Decomposition I don't know and I don't know what to do about it. There was just a point where I lost heart for judgments and was swept into the voluptuous, harrowing complexities composing a single breath. —Jim Dodge, Rain on the River
The Summer Day
Who made the world?
Who made the swan, and the black bear?
Who made the grasshopper?
This grasshopper, I mean --
the one who has flung herself out of the grass,
the one who is eating sugar out of my hand,
who is moving her jaws back and forth instead of up and down --
who is gazing around with her enormous and complicated eyes.
Now she lifts her pale forearms and thoroughly washes her face.
Now she snaps her wings open, and floats away.
I don't know exactly what a prayer is.
I do know how to pay attention, how to fall down
into the grass, how to kneel down in the grass,
how to be idle and blessed, how to stroll through the fields,
which is what I have been doing all day.
Tell me, what else should I have done?
Doesn't everything die at last, and too soon?
Tell me, what is it you plan to do
with your one wild and precious life?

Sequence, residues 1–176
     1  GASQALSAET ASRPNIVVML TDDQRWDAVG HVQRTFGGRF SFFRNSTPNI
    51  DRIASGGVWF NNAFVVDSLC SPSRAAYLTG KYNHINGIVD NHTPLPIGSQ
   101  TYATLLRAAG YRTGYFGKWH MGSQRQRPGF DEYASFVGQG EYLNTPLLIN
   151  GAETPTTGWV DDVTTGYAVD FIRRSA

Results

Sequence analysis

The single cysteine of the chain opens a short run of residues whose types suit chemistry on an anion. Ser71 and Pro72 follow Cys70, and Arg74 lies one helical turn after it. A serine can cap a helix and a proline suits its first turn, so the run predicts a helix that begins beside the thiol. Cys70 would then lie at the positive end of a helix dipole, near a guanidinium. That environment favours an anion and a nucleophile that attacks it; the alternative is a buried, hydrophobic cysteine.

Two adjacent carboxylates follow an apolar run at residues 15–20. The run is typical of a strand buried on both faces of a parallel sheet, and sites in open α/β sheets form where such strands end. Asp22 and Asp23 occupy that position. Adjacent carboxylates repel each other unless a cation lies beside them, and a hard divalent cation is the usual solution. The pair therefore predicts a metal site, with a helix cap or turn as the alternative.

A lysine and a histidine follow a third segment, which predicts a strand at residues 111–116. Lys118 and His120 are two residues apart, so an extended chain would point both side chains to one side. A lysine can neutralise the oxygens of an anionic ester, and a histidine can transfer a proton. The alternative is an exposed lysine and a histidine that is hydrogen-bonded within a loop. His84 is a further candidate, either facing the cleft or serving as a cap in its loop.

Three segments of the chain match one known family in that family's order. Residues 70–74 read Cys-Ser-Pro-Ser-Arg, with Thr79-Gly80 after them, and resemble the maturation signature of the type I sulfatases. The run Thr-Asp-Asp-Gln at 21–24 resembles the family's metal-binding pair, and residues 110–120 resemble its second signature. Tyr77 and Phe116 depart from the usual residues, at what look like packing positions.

From “Naming of Parts“:
“They call it easing the Spring: it is perfectly easy
If you have any strength in your thumb: like the bolt,
And the breech, and the cocking-piece, and the point of balance,
Which in our case we have not got; and the almond-blossom
Silent in all of the gardens and the bees going backwards and forwards,
For to-day we have naming of parts.”
Wonderful poem, which I encountered in a junior college composition class I needed to take to get into Berkeley. Wonderful class, too: the instructor was a poet who lived up in the Richmond hills. I groped, as I often do, for what this poem was saying. Seems pretty obvious now. (And if one wants to read more on Henry Reed, who seems worth the time, here’s a wonderful website dedicated to his work. That’s three “wonderfuls” in the same paragraph. I’m out.)
The closing lines of “A Child’s Christmas in Wales.” My favorite part of one of my favorite poems. Merry Christmas, wherever you are on this Christmas night.
“… Always on Christmas night there was music.
An uncle played the fiddle, a cousin sang
‘Cherry Ripe,’ and another uncle sang ‘Drake’s Drum.’
It was very warm in the little house.
Auntie Hannah, who had got on to the parsnip
wine, sang a song about Bleeding Hearts and Death,
and then another in which she said her heart
was like a Bird’s Nest; and then everybody
laughed again; and then I went to bed.
“Looking out my bedroom window, out into
the moonlight and the unending smoke-colored snow,
I could see the lights in the windows
of all the other houses on our hill and hear
the music rising from them up the long, steadily
falling night. I turned the gas down, I got
into bed. I said some words to the close and
holy darkness, and then I slept.”
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